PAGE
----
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The Future of Asset Management

By Yiannis Yianni, Senior Vice President, Strategic Relationship Management
Sep 30, 2015

The global asset management industry has grown to record levels, according to a survey from the Boston Consulting Group as reported in the Financial Times. Assets under management increased to $74 trillion, the highest figure ever recorded by the survey. Profits in the industry have also risen, matching the historic peak in 2007, but net revenue growth has been slower than the rise in AUM.

There is a general air of cautious optimism in the asset management industry, and most commentators would agree that economic recovery is no longer a new concept.

So what is there to worry about? Plenty, actually.

This summer, FactSet brought together a group of senior executives from some of the largest asset management institutions and sovereign wealth funds to meet at the FactSet EMEA Symposium in Monaco. There, they discussed the key issues and outlook for the fund management industry. Guest speakers included Dr. Thomas Mayer, founding director of the Flossbach von Storch Research Institute, and Robert Mellor, Tax Partner and Alternatives Tax Leader at PwC in the U.K.

Search for Yield

The search for yield in a low growth environment dominated the minds of most of the attendees, who seemed resigned to accept Dr. Mayer's view of the "New Normal" – an environment of low, unstable economic growth, characterized by short and weak recovery phases. Dr. Mayer went on to assert that equities were relatively inexpensive and presented the best long-term bet: "You have to be in equities. Bonds is not a place to be." Members of the roundtable agreed that it was difficult to allocate away from equities, but that under these circumstances allocation is critical.

Dr. Mayer propounded his theory that in this new environment, investment risk must be assessed in a different way: "The theory that 'volatility equals risk' is nonsense." Practical risk management should take into consideration factors such as the holding period and the quality of investments, and investors should be searching for stocks with a low probability of loss over the long term. This view polarized opinions around the group, since performance measurement tends to be short-term. It also raised the interesting notion of having to re-educate clients to aim for returns over a longer-term horizon, instead of short-term gain.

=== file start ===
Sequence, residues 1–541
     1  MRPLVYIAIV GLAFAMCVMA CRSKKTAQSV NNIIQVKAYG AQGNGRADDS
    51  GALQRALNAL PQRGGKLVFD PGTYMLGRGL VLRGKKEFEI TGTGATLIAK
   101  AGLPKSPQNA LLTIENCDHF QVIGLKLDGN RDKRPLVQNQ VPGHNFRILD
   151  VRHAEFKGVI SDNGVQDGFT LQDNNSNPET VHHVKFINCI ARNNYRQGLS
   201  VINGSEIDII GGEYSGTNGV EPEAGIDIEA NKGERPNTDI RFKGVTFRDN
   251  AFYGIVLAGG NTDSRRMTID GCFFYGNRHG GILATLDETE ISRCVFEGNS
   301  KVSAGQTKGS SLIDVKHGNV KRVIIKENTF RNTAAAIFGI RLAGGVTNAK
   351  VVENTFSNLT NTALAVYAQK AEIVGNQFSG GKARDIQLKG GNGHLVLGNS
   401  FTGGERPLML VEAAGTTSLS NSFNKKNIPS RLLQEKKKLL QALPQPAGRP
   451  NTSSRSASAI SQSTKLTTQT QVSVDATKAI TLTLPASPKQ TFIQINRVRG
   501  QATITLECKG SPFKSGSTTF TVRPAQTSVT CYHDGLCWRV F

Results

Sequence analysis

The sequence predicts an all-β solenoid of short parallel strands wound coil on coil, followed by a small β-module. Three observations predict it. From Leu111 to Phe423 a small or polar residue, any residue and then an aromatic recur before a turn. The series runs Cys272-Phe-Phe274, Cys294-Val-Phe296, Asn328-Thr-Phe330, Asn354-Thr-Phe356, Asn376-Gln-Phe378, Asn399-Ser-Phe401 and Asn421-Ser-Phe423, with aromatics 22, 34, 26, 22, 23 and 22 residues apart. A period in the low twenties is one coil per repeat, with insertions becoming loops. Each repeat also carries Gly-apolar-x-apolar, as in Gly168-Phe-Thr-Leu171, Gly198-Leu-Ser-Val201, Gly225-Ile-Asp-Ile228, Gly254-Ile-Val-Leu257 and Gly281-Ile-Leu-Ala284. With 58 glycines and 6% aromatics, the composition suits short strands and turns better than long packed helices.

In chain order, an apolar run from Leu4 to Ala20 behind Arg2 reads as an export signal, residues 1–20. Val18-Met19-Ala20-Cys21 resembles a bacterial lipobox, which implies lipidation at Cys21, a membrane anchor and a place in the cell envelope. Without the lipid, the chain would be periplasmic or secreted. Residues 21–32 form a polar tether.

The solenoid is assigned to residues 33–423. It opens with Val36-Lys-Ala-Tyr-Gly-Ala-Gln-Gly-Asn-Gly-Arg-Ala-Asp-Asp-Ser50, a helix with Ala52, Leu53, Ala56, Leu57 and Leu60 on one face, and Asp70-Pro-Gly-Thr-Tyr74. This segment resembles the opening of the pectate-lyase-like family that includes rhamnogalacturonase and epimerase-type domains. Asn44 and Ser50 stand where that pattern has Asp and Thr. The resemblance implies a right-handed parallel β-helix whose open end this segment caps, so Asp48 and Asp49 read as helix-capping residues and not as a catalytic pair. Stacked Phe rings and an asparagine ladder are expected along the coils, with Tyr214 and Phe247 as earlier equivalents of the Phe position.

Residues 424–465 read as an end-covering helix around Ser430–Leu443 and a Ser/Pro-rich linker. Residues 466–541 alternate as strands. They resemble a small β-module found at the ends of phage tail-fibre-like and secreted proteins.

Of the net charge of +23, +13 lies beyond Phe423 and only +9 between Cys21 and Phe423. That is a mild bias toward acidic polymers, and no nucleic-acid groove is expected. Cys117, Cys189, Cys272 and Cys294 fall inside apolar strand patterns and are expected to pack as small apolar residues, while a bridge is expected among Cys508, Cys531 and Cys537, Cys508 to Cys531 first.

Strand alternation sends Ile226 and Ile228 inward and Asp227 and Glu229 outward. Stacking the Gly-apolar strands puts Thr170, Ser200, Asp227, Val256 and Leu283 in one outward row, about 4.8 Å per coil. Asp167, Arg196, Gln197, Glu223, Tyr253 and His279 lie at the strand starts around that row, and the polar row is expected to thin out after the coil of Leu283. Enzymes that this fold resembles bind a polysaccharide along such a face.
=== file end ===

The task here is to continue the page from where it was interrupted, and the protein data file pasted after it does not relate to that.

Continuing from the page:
Surviving the Regulatory Environment

Everyone agreed that the proliferation of regulation and reporting requirements has increased the cost of doing business for asset managers. Although they widely accept that the environment is here to stay, asset managers are still expecting the cost of current and future regulatory initiatives to impact their businesses significantly. The industry needs to stay aware of the entire regulatory environment, since the myriad of regulations can affect asset managers both directly and indirectly.

Many asset managers are reviewing their processes in light of the regulatory environment that they now have to operate within. Spend on technology and data management is increasing as institutions look to comply with evolving requirements in the most cost-effective way. Compliance requires quality data that is organized and then distributed and shared.